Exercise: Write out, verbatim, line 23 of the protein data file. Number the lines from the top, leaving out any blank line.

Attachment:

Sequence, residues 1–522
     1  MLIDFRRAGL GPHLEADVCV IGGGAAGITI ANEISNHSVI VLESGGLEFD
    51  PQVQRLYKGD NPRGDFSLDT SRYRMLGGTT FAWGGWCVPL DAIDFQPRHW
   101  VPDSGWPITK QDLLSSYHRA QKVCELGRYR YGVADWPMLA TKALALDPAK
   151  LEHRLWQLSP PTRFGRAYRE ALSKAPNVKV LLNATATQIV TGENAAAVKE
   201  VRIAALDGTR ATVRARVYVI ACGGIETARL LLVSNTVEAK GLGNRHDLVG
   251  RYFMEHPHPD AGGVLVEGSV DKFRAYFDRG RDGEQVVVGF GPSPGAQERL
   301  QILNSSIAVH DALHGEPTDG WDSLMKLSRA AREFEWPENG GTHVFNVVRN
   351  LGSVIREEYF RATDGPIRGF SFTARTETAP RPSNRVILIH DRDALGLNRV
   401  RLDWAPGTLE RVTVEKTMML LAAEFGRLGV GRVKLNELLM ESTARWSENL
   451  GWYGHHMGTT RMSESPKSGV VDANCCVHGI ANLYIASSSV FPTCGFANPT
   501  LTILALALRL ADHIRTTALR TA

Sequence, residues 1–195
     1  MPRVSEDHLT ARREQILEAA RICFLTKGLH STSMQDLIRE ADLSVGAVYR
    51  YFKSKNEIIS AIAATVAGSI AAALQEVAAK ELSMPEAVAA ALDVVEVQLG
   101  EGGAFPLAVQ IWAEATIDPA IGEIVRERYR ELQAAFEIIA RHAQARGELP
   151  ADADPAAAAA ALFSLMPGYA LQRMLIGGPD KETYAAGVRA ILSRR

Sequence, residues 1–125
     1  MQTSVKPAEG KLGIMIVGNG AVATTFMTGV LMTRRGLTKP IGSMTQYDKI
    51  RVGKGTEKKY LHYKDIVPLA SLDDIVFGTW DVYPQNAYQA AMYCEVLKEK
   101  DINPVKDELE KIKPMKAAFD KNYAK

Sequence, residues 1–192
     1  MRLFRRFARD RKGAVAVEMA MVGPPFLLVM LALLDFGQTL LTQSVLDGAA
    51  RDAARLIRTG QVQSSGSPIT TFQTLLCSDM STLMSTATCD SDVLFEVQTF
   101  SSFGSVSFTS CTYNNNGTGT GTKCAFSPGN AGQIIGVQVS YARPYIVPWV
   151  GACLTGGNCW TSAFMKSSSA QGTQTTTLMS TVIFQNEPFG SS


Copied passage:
     1  MRLFRRFARD RKGAVAVEMA MVGPPFLLVM LALLDFGQTL LTQSVLDGAA